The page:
“There is a person inside,” she informed me with obvious distaste, “who insists on standing with you. This heathen says he’s a cousin of yours?” She waited for me to refute the claim, but got a laugh from me instead.
“Well that would be Obadiah’s—I mean Mr. Starbuck’s—harpooner, Holokai. My grandmother was Hawaiian—a Sandwich Islander, I mean—so he’s sort of adopted me. I know he’s unusual” (though not so unusual in New Bedford that she hadn’t seen his like) “but he is the closest thing l have to friend or family here… Would it upset Oba—Mr. Starbuck if he were to stand?” She sniffed but said she supposed she’d seen stranger things in her life than a cannibal in a Christian wedding, and sure Mr. Starbuck didn’t seem perturbed by him.
And so it happened that my bridesmaid was a tattooed harpooner, and Obadiah’s “best man” (apparently determined to shift the balance of our party toward some semblance of respectability) was a pudgy but dignified housekeeper.
I tried not to fidget with my flowers while Father Mudge sermonized on splicing—the joining together of two pieces of rope by interweaving the strands—and barely paid attention to the words of the vows I repeated. I did note, though, that mine included the word “obey,” and wondered how much wiggle-room that promise left me. I almost turned my cheek when Obadiah leaned in to kiss me—I guess you could call it stage-fright. We hadn’t more than touched hands before this moment, and the brief kiss felt almost indecorous. I gratefully took the support of his offered arm as Father Mudge declared us “spliced” and presented Mr. and Mrs. Starbuck to the empty pews. Mrs. Vanderhagen applauded as her sister’s organ started up and we took our tiny procession back down the aisle to the door and the waiting trap, Holokai capering behind in some variation of a haka dance.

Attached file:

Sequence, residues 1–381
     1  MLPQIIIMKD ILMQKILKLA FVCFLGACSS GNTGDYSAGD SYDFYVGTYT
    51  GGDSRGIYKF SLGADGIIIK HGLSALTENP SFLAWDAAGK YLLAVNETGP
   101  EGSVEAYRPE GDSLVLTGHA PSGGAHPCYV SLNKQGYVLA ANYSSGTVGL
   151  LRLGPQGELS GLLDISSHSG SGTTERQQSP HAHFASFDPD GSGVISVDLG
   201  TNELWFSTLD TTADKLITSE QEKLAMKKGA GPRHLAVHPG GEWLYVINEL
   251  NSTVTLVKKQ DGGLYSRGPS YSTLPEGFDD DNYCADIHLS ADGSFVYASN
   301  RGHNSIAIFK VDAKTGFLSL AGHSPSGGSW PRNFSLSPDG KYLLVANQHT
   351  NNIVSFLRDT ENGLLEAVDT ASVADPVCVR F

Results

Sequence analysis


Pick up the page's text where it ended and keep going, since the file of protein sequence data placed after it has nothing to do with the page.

As he handed me up, I found myself wondering what stories Mrs. V could tell, if she’d seen stranger things than that wedding.